• Abad J.L.
      • Fabrias G.
      • Levade T.
      A simple fluorogenic method for determination of acid ceramidase activity and diagnosis of Farber disease.
      ). Probes RBM15 were inspired in our “second generation” probes for S1P lyase, in which the installation of a vinyl unit between the amino diol moiety and the umbelliferone reporter led to a significant increase of affinity, probably due to the closer similarity of the vinylogated probe with the natural substrate (
      • Sanllehí P.
      • Casasampere M.
      • Abad J-L.
      • Fabriàs G.
      • López O.
      • Bujons J.
      • Casas J.
      • Delgado A.
      The first fluorogenic sensor for sphingosine-1-phosphate lyase activity in intact cells.
      ). The retro oxa-Michael reaction required for the release of the fluorescent reporter from probes RBM15 can be promoted under basic conditions (see below) by abstraction of one of the γ-protons of the intermediate aldehyde RBM7-083 (
      • Sanllehí P.
      • Casasampere M.
      • Abad J-L.
      • Fabriàs G.
      • López O.
      • Bujons J.
      • Casas J.
      • Delgado A.
      The first fluorogenic sensor for sphingosine-1-phosphate lyase activity in intact cells.
      ) resulting from NaIO4 oxidation of the amino diol RBM15 arising from hydrolysis of the probe by the target ceramidase (Fig. 2).
      Figure thumbnail gr2
      Fig. 2Metabolic degradation of probes RBM15 and release of umbelliferone after oxidation of the free base and treatment of the transient aldehyde RBM7-083 with a base.

      Optimization conditions for umbelliferone release

      Unlike our previously reported protocol with substrates RBM14 (
      • Bedia C.
      • Casas J.
      • Garcia V.
      • Levade T.
      • Fabrias G.
      Synthesis of a novel ceramide analogue and its use in a high-throughput fluorogenic assay for ceramidases.
      ,
      • Casasampere M.
      • Camacho L.
      • Cingolani F.
      • Casas J.
      • Egido-Gabás M.
      • Abad J.L.
      • Bedia C.
      • Xu R.
      • Wang K.
      • Canals D.
      • et al.
      Activity of neutral and alkaline ceramidases on fluorogenic N-acylated coumarin-containing aminodiols.
      ,
      • Bedia C.
      • Camacho L.
      • Abad J.L.
      • Fabrias G.
      • Levade T.
      A simple fluorogenic method for determination of acid ceramidase activity and diagnosis of Farber disease.
      ), the standard Gly-NaOH buffer (pH 10.6) proved inefficient to promote the complete release of the umbelliferone from the transient aldehyde RBM7-083 arising from oxidation of the aminodiol RBM15 (Fig. 2). Harsher basic conditions were required in this case to ensure acceptable levels of umbelliferone. The optimized conditions from RBM15 required the use of 0.2 M KOH-methanol (for AC) or 0.1 M KOH-methanol (for NC and ACERs), followed by a 30 min incubation at 37°C in the dark, prior to the addition of 0.2 M glycine-NaOH buffer (pH 10.6) (50 μl/well). However, even under these optimized conditions, a fluorescence of around 65% of the theoretical maximum was observed (supplemental Fig. S2).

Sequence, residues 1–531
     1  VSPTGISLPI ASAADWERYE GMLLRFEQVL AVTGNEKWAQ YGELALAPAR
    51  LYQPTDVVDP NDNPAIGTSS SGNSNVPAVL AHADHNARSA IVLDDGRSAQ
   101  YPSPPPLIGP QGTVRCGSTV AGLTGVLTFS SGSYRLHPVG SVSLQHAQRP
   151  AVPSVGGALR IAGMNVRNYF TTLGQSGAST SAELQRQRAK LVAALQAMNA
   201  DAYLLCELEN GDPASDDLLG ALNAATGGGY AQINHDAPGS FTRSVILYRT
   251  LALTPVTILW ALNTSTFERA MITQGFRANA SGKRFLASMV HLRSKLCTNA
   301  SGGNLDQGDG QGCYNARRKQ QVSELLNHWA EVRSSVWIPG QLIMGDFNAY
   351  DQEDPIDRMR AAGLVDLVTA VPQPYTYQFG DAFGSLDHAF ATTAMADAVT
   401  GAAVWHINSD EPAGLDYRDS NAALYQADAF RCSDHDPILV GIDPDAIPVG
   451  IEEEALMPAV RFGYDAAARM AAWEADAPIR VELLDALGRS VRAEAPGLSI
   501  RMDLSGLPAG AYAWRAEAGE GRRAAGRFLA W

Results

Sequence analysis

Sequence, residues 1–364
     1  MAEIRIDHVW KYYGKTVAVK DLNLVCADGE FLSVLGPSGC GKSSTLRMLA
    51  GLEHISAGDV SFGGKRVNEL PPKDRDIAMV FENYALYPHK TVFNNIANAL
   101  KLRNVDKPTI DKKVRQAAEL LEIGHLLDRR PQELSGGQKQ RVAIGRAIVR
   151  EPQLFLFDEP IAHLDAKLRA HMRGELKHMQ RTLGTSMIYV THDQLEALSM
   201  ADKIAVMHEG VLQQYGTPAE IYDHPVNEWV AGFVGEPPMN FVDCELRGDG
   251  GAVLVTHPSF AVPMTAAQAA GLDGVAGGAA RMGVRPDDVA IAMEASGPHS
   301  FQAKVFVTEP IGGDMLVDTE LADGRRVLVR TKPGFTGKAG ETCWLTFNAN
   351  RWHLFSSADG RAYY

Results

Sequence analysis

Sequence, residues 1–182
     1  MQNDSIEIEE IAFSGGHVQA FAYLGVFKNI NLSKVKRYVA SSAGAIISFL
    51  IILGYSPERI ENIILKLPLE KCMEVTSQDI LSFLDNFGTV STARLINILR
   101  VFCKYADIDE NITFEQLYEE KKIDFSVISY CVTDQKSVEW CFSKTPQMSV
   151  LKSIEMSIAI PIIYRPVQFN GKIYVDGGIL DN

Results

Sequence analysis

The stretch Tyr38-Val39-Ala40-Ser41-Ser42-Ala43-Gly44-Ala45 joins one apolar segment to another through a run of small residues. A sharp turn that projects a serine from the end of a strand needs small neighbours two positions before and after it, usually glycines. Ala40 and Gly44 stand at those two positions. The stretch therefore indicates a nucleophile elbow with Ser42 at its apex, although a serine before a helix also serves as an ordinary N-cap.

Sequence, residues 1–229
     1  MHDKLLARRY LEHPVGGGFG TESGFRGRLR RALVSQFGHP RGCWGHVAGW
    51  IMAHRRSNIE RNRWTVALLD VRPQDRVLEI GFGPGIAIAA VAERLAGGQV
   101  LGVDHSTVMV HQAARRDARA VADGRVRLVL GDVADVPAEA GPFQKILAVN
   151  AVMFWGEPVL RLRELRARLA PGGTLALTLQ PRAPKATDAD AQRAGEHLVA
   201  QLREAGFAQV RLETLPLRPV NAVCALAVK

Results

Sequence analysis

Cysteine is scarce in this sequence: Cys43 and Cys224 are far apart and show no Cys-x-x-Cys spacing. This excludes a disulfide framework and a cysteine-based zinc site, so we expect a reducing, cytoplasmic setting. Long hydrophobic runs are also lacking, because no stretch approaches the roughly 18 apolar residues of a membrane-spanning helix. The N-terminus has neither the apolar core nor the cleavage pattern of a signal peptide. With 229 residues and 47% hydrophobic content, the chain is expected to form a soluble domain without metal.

Probes RBM14 and RBM15 as AC substrates

      Probes RBM14 and RBM15 (Fig. 1) were tested as AC substrates in FD-AC cell lysates overexpressing AC. These probes were compared with RBM14C12, reported as AC substrate in previous work (
      • Casasampere M.
      • Camacho L.
      • Cingolani F.
      • Casas J.
      • Egido-Gabás M.
      • Abad J.L.
      • Bedia C.
      • Xu R.
      • Wang K.
      • Canals D.
      • et al.
      Activity of neutral and alkaline ceramidases on fluorogenic N-acylated coumarin-containing aminodiols.
      ,
      • Bedia C.
      • Camacho L.
      • Abad J.L.
      • Fabrias G.
      • Levade T.
      A simple fluorogenic method for determination of acid ceramidase activity and diagnosis of Farber disease.
      ). None of the new RBM14 probes were superior to RBM14C12 as AC substrates in lysates from FD-AC cells, as evidenced by the fluorescence values observed for the released umbelliferone (Fig. 3A). This was also true for probes RBM15, because RBM15C16, the best AC substrate of this series, gave values around three times lower than those from RBM14C12 (Fig. 3B). These results are in agreement with the known preference of AC for C12–C14 Cers (
      • Mao C.
      • Xu R.
      • Szulc Z.M.
      • Bielawska A.
      • Galadari S.H.
      • Obeid L.M.
      Cloning and characterization of a novel human alkaline ceramidase: a mammalian enzyme that hydrolyzes phytoceramide.